In 1985, the Kentucky Court of Appeals was struggling with a backlog of an estimated 1,000 appeals. In response, the Kentucky Supreme Court established the expedited appeals process. (1) The overall goals of this new process were:
(1) to continue to provide full appellate review for all cases which came
to the Court; (2) to resolve cases in as short a time frame as possible
without any sacrifice in the quality of review or fairness to the parties
involved; (3) to promote a decrease in the amount of time to be spent by
the attorneys in preparing their appeals and a commensurate decrease in
costs to the litigants; and (4) to dispose of the growing backlog, which
was assuming alarming proportions. (2)
The new program gave expedited treatment to appeals that involved relatively simple issues, did not require extensive transcription of the record, and were previously briefed in the court below. The special appeal procedure, outlined in Kentucky Civil Rule 76.05, (3) called for abbreviated pleadings and oral arguments before a special panel of judges.
However, effective February 1, 2001, the Kentucky Supreme Court repealed Civil Rule 76.05 in its entirety. (4) And, for the first time in recent memory, the backlog that was such a concern in the late eighties and early nineties was suddenly non-existent.
This Article will explore the original procedure set out by Civil Rule 76.05, and compare it to the method used now to advance appeals in Kentucky. This information will be useful in case the backlog ever returns and for comparison to other states.
II. CASE SELECTION UNDER FORMER CIVIL RULE 76.05
Civil Rule 76.03 requires a preheating statement to be filed in every civil case within twenty days of filing a notice of appeal. (5) Although nothing in Civil Rule 76.03 or Civil Rule 76.05 authorized requests for special appeals, the rules did not specifically prohibit a party from asking for a special appeal. Regardless of any request, the court granted expedited appeals after reviewing the prehearing statement. The staff reviewed the nature of the appeal to determine if it involved single or non-complex issues that could be resolved quickly without further briefing or record additions. Until 1986, the designation of a special appeal often occurred at the preheating conference as a suggestion of the presiding judge or conference attorney or by agreement of the parties. (6) Thereafter, special appeals were designated by court of appeals staff after undergoing a screening process.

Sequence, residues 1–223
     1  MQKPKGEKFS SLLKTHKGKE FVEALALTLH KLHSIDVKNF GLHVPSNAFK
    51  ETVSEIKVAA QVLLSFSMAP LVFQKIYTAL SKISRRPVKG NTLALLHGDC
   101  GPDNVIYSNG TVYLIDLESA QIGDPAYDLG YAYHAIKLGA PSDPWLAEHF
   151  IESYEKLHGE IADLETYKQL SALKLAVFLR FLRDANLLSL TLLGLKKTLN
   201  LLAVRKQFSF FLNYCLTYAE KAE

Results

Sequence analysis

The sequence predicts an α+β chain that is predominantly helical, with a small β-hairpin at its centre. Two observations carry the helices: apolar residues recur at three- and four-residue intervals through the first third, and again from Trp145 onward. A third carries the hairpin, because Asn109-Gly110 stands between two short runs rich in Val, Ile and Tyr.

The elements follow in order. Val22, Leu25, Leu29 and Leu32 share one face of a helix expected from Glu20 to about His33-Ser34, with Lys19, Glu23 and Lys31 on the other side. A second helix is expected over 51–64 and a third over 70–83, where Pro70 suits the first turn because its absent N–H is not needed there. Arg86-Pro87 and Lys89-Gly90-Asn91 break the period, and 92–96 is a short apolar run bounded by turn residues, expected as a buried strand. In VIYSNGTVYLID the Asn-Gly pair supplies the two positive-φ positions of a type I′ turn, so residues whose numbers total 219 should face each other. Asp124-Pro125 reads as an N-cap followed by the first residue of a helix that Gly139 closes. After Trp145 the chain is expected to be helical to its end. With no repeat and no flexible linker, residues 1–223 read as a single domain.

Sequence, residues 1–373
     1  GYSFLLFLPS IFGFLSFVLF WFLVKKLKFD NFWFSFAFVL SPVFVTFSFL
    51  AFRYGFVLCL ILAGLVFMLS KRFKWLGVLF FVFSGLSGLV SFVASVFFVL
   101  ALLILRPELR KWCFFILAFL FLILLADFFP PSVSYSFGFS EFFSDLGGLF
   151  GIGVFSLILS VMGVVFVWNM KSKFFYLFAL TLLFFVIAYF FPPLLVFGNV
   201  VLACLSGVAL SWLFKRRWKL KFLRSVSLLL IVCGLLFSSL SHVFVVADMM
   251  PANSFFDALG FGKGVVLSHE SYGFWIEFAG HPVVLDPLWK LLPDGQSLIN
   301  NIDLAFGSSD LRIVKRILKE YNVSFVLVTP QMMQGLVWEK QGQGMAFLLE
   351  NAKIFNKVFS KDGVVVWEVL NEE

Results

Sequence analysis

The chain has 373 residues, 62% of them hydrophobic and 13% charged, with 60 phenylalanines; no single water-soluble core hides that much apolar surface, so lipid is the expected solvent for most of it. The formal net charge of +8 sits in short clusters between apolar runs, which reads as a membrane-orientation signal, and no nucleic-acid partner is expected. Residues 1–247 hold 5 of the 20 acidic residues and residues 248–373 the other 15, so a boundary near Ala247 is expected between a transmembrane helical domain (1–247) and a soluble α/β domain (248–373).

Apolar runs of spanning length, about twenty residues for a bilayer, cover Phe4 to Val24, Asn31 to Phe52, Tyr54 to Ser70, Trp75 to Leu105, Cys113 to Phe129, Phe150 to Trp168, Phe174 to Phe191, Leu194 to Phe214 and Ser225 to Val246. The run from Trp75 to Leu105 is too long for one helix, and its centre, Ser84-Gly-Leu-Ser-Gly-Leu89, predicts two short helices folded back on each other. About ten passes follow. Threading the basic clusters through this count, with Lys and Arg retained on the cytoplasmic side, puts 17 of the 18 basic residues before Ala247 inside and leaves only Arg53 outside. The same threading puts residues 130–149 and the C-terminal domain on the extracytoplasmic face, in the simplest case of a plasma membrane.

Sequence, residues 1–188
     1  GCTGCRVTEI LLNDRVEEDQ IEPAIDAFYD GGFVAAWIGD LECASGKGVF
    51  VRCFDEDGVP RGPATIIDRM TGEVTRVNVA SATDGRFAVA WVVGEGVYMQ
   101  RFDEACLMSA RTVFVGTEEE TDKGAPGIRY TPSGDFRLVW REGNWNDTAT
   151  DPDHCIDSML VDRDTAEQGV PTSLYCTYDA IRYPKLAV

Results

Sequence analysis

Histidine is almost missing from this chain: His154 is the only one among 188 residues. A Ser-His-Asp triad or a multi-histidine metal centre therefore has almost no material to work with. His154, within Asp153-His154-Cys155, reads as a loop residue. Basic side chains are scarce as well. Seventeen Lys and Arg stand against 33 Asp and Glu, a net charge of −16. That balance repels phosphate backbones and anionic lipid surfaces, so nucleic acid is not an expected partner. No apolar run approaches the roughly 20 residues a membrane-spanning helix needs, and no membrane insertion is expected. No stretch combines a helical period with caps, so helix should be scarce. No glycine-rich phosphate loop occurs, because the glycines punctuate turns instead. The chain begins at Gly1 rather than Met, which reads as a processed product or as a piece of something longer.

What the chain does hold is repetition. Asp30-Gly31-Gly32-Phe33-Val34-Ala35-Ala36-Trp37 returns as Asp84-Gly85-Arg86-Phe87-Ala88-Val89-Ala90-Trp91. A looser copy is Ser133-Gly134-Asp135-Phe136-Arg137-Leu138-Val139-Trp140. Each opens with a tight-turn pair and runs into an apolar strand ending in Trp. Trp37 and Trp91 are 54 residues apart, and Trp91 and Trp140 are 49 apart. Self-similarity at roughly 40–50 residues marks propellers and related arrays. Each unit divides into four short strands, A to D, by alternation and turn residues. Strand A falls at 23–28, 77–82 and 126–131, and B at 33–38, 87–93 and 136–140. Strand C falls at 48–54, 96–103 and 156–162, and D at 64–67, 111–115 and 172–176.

In 1991 and 1992, only ten percent of all appeals were submitted through the special appeals procedure. (7) Certain types of cases were deemed most appropriate for the expedited procedures. These included cases from the circuit courts that had been resolved on Rule 12 dismissals or Rule 56 summary judgments. Also appropriate were cases appealed to the circuit courts from administrative agencies. Those cases usually had been briefed and argued extensively in the administrative bodies from which they originated and before the circuit courts. Finally, certain domestic relations cases that already had transcribed records or were tried by deposition were candidates for expedited review. Expedited review was not appropriate for "jury trials, bench trials, custody hearings, or any other case in which untranscribed evidence [wa]s a factor." (8) In addition, criminal cases were not included in this program because there was no document similar to a preheating statement required in the criminal system. (9)
III. ORDER AND RECORD
The order designating the case as a special appeal provided procedural directions and required all counsel within twenty days to file with the court:
(i) A concise position statement of no more than three (3) pages in length
setting forth the position and contentions of the party and including
citations of authority in regard to the issues set forth in the preheating
(ii) Any prehearing document (either the prehearing statement or the
optional supplemental preheating statement, whichever pertain[ed]) filed by
the party pursuant to CR 76. …